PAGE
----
On the south pole of the Moon, shadowed regions exhibit temperatures as cold as -210˚C and illuminated solar panels reach temperatures up to 70˚C. These extremes of cold and hot must be moderated from -10˚C to 35˚C internally to ensure functionality of batteries and electronics. The technology, design and process to achieve this essential thermal regulation is presented here. The Thermal system ensures that every thermally sensitive component remains within safe temperature limits through flight, in lunar orbit, and on the Moon. MoonRanger also requires design and selection of thermal control-related parts, such as films and finishes (i.e., Multi-Layer Insulation). Thermal Vacuum Tests inform simulations, and provide input for thermal control avionics. Thermal design involves collaboration with other specialties like mechanical, avionics, software and systems to generate cross-disciplinary thermal-related solutions. The lunar environment’s temperatures tie into many of the rover’s features, functions and actions.
Conditions on the lunar surface are extreme in terms of temperature, lighting, and vacuum. On Earth, sunlight is diffuse (i.e., light bounces in all directions, not just directly) and our atmosphere attenuates incoming sunlight. On the Moon, the sun’s angle above the horizon is about 4 degrees making light span out in an almost straight line. Shadows and darkness are more intense along with the sun’s rays. How does MoonRanger measure and detect these temperatures? How could a robot do that? It is in part because of special instruments, thermocouples and thermistors. These measure the temperatures of sensitive components like custom boards, sun sensors, cameras, computers, actuators, radiator, and solar panel.
Thermocouples are used on Earth for testing before the mission because they can measure temperatures reliably across a wider range of temperatures than the thermistors used for the space mission. Their dissimilar metal wires produce a varying voltage that is proportional to the temperature that they are experiencing. The thermistors used in the flight rover measure temperatures with less error than thermocouples for the temperatures MoonRanger will experience in space. While thermocouples use voltage to determine temperature, thermistors use resistance. A thermistor is a thermally sensitive resistor and its resistance changes with temperature. Just like how a thermometer can sense hot or cold, these sensors are the rover’s means of measuring temperature.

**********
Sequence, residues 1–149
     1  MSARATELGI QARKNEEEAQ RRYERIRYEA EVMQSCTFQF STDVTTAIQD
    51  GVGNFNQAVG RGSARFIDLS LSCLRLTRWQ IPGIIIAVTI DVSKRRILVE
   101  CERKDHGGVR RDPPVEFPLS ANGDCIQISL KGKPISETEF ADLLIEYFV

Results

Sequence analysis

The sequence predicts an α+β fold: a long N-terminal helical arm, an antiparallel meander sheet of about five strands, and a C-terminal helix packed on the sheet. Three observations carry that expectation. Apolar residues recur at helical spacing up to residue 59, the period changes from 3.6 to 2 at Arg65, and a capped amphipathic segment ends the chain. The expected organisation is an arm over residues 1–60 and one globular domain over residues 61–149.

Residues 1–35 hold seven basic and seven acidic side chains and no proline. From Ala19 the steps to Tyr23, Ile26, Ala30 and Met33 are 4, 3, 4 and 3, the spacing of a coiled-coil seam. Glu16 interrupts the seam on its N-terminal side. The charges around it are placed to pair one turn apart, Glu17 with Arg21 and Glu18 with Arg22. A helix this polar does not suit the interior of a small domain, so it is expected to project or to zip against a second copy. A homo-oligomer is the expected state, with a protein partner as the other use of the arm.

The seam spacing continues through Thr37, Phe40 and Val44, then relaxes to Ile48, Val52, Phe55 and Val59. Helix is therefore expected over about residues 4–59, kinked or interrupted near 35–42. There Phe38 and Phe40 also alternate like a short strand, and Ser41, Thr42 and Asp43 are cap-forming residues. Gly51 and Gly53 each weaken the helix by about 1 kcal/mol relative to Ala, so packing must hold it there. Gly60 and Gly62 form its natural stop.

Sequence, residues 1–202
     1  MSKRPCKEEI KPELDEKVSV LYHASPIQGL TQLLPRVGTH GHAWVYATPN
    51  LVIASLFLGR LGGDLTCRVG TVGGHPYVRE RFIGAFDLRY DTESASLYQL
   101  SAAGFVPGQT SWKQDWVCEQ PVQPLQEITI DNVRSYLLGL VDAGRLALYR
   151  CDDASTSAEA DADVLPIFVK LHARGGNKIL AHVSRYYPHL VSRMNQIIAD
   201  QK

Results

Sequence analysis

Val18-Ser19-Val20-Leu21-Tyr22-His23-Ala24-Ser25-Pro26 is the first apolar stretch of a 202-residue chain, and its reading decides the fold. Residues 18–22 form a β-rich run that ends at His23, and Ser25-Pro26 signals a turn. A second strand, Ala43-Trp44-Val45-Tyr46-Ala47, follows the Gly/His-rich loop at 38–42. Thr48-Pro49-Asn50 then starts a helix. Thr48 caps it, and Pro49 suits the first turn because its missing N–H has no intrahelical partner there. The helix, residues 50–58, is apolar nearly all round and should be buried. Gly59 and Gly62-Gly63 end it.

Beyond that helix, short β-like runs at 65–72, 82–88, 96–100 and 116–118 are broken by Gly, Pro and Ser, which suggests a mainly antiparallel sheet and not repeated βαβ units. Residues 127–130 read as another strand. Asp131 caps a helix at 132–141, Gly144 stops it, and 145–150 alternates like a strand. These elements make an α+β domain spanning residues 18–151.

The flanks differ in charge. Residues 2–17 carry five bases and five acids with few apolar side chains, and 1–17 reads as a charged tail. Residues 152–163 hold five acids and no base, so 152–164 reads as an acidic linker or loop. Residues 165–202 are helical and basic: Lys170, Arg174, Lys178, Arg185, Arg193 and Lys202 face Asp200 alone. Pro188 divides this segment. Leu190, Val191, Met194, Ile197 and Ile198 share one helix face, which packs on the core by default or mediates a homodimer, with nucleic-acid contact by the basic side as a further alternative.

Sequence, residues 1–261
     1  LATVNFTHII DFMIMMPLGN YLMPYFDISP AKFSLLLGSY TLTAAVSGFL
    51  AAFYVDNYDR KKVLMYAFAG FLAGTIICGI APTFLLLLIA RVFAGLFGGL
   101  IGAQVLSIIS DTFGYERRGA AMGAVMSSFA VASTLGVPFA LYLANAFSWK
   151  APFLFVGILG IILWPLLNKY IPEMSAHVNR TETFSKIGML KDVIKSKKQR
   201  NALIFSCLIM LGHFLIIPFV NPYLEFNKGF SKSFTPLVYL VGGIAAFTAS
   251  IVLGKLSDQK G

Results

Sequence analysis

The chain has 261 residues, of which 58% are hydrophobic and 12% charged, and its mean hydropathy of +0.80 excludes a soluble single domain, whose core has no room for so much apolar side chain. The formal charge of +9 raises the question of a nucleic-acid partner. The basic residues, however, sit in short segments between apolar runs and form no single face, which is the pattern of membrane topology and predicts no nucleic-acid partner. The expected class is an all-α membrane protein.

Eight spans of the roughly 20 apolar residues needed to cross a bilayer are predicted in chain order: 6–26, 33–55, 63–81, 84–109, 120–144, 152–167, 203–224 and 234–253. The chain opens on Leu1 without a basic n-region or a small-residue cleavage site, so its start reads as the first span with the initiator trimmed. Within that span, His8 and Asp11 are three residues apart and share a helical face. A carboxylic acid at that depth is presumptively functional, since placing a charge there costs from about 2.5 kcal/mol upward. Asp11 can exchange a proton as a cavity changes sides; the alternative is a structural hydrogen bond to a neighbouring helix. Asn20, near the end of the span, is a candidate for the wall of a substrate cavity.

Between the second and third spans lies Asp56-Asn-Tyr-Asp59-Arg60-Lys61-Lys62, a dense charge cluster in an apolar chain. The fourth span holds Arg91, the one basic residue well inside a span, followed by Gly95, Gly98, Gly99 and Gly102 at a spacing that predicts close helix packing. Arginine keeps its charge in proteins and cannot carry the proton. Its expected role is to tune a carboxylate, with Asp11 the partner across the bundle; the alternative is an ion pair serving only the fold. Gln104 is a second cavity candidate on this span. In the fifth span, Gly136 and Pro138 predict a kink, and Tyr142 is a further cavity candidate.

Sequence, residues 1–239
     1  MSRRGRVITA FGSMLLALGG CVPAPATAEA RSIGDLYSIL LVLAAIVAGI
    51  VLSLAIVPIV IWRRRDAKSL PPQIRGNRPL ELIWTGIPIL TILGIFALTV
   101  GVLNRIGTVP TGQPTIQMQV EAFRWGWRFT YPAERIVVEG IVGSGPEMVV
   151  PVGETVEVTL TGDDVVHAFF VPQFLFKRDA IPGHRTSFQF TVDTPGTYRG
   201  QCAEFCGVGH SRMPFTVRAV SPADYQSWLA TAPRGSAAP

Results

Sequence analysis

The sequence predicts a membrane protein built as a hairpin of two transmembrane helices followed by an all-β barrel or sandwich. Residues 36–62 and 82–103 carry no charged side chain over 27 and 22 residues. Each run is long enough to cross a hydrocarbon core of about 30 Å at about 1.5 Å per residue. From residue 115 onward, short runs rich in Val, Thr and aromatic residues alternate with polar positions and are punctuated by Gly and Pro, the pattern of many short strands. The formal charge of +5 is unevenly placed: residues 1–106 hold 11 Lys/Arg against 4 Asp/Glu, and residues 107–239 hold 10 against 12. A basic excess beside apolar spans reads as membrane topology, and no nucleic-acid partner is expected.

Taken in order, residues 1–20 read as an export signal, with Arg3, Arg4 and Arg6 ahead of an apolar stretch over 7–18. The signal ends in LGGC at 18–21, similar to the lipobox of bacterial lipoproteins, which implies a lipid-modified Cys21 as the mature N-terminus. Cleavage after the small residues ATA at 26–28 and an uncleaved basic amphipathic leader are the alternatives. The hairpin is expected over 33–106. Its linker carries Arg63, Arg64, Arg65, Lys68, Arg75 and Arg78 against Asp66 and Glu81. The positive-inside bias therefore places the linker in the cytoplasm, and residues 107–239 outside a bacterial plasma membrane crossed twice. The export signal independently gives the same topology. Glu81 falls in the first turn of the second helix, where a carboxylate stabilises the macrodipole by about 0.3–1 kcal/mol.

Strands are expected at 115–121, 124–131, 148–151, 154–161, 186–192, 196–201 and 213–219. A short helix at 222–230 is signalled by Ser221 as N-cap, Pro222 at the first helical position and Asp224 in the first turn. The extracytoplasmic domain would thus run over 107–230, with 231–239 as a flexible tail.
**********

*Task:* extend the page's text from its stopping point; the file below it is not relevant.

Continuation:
Below is a display of the predicted temperatures of each part of the rover. The surrounding blue represents the Moon’s surface temperature, which, in this case, is around -91℃. As one could suspect, the red portion of the rover is the solar panel that is experiencing direct sun. MoonRanger’s solar panel is deployed vertically to maximize power generation from polar sunlight that always impinges from low on the horizon. MoonRanger manages its internal temperature to a large degree by maneuvering to generate more or less power than it is using. This is analogous to a human body increasing or decreasing metabolism with greater or less activity to stay comfortable in cold conditions.
The rover will encounter dips in the terrain and large rocks that cast long shadows. The shadows block the sunshine that is the rover’s primary power and heat source. Despite shadowing sensitive components must remain warm and intact. Warming is accomplished by activating heaters that are appended to the sensitive components. The heaters are extremely thin, about a hundredth of an inch, but given their size, they are relatively powerful. They can produce up to 2 watts each to a total of more than 20W. They are connected to electronics that switch them on and off based on temperatures that the thermistors read. It is similar in logic to a thermostat in a room; it is self-corrective and will continue to adjust to reach a certain threshold.
Besides thermal design and analysis, it matters to test pre-flight thermal assemblies and subsystems in the most realistic conditions possible. A thermal vacuum chamber is utilized to simulate the vacuum, hot and cold that will be encountered in space. The vacuum precludes heat transfer by convection and air circulation as is common on Earth, leaving heating and cooling exclusively to radiation and conduction. The extreme cold is generated by enveloping a test article in liquid nitrogen shroud within the chamber. The heat from sunshine is generated by a xenon lamp. Each subsystem of the rover (e.g. wheel module) is tested within this vacuum chamber at the extremes of hot and cold temperatures expected for the given component when on the Moon. The results from these tests will inform simulations.
By: Kerry Mills